Walking to Work
by Robby Higginbottom
"For it will be like a man going on a journey, who called his servants and entrusted to them his property. To one he gave five talents, to another two, to another one, to each according to his ability. Then he went away. He who had received the five talents went at once and traded with them, and he made five talents more. So also he who had the two talents made two talents more. But he who had received the one talent went and dug in the ground and hid his master's money. Now after a long time the master of those servants came and settled accounts with them. And he who had received the five talents came forward, bringing five talents more, saying, 'Master, you delivered to me five talents; here I have made five talents more.' His master said to him, 'Well done, good and faithful servant. You have been faithful over a little; I will set you over much. Enter into the joy of your master.' And he also who had the two talents came forward, saying, 'Master, you delivered to me two talents; here I have made two talents more.'
His master said to him, 'Well done, good and faithful servant. You have been faithful over a little; I will set you over much. Enter into the joy of your master.' He also who had received the one talent came forward, saying, 'Master, I knew you to be a hard man, reaping where you did not sow, and gathering where you scattered no seed, so I was afraid, and I went and hid your talent in the ground. Here you have what is yours.' But his master answered him, 'You wicked and slothful servant! You knew that I reap where I have not sown and gather where I scattered no seed? Then you ought to have invested my money with the bankers, and at my coming I should have received what was my own with interest. So take the talent from him and give it to him who has the ten talents. For to everyone who has will more be given, and he will have an abundance. But from the one who has not, even what he has will be taken away. And cast the worthless servant into the outer darkness. In that place there will be weeping and gnashing of teeth.'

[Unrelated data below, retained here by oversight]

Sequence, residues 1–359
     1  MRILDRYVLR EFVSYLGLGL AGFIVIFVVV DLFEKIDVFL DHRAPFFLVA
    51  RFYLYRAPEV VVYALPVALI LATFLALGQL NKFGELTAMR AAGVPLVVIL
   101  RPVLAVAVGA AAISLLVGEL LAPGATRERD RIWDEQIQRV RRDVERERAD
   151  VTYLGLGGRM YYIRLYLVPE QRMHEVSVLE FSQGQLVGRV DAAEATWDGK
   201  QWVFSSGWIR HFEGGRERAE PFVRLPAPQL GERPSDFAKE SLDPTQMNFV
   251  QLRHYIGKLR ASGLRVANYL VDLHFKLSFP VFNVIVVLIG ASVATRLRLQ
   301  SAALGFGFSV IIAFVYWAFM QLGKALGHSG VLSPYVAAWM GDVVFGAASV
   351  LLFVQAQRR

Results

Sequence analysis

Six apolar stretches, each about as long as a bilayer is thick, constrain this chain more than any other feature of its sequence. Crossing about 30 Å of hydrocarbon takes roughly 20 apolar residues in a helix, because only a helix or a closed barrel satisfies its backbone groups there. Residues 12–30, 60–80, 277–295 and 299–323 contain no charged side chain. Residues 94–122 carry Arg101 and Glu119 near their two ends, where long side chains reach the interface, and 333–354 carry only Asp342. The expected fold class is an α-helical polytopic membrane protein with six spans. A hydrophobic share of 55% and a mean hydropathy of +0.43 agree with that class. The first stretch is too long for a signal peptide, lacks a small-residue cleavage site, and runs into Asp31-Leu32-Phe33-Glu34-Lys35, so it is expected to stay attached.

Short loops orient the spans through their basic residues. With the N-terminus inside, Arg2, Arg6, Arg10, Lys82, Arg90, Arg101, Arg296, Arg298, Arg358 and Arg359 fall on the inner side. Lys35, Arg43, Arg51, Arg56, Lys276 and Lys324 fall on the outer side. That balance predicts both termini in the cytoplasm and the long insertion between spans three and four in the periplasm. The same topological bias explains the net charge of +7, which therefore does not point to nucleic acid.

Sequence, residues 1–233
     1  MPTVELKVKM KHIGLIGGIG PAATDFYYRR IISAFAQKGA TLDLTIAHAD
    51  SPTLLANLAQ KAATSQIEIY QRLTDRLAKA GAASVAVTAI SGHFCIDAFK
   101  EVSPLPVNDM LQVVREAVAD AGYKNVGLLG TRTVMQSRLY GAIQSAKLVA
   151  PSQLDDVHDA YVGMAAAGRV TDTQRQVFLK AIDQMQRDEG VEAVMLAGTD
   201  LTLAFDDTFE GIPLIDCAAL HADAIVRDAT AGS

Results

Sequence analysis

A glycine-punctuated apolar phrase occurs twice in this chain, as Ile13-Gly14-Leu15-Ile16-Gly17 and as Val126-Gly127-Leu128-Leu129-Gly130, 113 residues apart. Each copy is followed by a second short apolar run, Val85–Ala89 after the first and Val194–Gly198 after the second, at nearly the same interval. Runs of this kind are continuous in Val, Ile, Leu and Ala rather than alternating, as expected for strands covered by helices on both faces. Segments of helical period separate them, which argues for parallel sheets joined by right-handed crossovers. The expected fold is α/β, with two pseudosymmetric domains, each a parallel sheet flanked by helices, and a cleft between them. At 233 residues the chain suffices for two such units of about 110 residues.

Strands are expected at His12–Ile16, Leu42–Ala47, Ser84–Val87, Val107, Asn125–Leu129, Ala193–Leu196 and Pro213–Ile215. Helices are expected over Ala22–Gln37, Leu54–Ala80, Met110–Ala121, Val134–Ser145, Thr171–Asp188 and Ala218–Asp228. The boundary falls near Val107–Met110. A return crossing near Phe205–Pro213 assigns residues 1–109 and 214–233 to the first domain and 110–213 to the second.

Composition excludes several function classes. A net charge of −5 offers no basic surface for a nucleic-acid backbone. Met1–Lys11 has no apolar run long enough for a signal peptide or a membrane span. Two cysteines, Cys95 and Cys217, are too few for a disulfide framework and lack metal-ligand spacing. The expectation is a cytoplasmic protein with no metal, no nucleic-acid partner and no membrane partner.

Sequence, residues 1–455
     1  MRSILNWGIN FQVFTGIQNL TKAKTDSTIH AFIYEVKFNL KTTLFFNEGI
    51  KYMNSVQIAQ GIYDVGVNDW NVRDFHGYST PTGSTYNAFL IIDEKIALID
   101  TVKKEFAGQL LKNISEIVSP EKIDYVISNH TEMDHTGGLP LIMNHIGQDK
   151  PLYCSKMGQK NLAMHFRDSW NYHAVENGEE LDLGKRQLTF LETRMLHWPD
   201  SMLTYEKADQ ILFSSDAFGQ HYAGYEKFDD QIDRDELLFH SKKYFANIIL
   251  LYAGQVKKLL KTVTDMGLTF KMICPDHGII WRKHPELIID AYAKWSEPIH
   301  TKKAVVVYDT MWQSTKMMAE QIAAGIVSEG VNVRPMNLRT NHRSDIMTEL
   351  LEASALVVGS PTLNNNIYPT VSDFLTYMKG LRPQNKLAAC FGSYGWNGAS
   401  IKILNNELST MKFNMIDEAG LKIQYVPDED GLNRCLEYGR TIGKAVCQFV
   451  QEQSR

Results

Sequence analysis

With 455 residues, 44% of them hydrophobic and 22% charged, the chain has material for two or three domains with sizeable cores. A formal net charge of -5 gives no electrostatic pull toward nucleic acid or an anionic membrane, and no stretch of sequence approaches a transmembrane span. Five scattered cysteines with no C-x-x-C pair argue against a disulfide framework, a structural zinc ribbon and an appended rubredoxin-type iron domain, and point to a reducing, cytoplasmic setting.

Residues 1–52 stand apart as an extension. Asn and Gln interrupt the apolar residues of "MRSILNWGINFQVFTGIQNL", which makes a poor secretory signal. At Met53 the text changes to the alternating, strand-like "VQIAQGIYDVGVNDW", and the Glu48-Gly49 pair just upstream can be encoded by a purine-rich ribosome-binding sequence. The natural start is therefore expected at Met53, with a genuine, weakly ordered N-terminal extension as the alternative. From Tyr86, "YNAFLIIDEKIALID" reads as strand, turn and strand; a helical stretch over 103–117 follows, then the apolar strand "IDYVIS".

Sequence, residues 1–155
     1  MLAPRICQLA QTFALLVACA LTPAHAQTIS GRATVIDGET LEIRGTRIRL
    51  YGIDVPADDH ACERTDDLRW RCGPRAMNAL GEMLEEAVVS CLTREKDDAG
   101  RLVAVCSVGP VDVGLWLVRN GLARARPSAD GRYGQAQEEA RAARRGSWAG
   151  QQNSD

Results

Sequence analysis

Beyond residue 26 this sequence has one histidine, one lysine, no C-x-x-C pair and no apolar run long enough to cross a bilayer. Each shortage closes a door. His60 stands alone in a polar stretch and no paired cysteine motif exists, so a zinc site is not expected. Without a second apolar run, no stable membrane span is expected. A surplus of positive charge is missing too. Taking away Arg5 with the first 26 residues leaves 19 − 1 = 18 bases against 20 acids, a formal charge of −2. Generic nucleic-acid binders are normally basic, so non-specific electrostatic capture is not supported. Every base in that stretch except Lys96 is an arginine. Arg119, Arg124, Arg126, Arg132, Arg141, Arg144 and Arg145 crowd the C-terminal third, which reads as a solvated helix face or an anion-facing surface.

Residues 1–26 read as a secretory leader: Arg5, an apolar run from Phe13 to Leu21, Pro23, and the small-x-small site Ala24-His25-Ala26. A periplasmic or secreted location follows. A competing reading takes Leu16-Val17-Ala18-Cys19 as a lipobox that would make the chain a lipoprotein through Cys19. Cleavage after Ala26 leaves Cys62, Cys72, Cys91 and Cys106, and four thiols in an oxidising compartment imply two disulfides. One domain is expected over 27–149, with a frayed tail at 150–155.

“One talent? That’s it? I’m not a one talent guy! I’ve seen the two and five talent folks. They’re not that impressive. I don’t get it. Why would you give me so little to work with? The game is rigged. The deck is stacked. And I know how this is gonna go. You’re gonna want a great return on your investment, but there’s just not enough here to grow. So I’ll play it safe. I’ll bury this little bit in the ground, and when you come around, I’ll at least be able to give it back to you.”
We don’t know everything about the servant who receives the one talent, but we know that he was afraid (Matthew 25:25). Fear colors the way we see God, life, and the work He has entrusted to us. Fear leads us to compare ourselves to other people and count “talents” instead of thanking the Lord for the abilities and opportunities He has given us. Fear leads us to bury our life in the ground, to play not to lose, instead of taking risks because we know that the Lord has been both rich and generous to us. Fear always shifts our focus. Fearful lenses are like carnival mirrors: everything is distorted, and we forget what is real. We don’t see the Lord clearly. We don’t see our neighbors clearly. And we certainly don’t see ourselves clearly. How much does fear paralyze us and keep us from walking in the good works that the Lord has prepared for us (Ephesians 2:10)?
The servants who receive two and five talents remind us that our abilities and resources are not the ultimate issue. What we do with what has been entrusted to us is what matters. We tend to ask, “Why did I not get as much as she did?” But the Lord would have us ask, “Why did You give me so much, and how do You want me to use it?” As we come to revel in being saved by grace through faith, humility and courage start to grow where fear once dominated our lives. We start to see that our abilities and resources are gifts from a God who loves us and lavishes His grace upon us. Why would we bury a life in the ground when there is so much to gain and nothing to lose? Fear is constantly running from dread; faith is constantly chasing down joy. There’s the joy of His salvation that dawns when we come to know Christ. There’s the joy of His approval that grows as we work unto Him. And there’s the joy of His commendation that awaits us at the end: “Well done, good and faithful servant. You have been faithful over a little; I will set you over much. Enter into the joy of your master.”
We all spend a lifetime working in one way or another. But will we ever slow down and think deeply about our work? Will we rest in the finished work of Christ? Will we work, not to earn God’s love, but because we already have it? Will we hedge our bets for the sake of being safe, or will we take risks for the sake of being faithful? As His workmanship, created in Christ Jesus for good works, these are not small questions. According to Jesus, eternal joy hangs in the balance.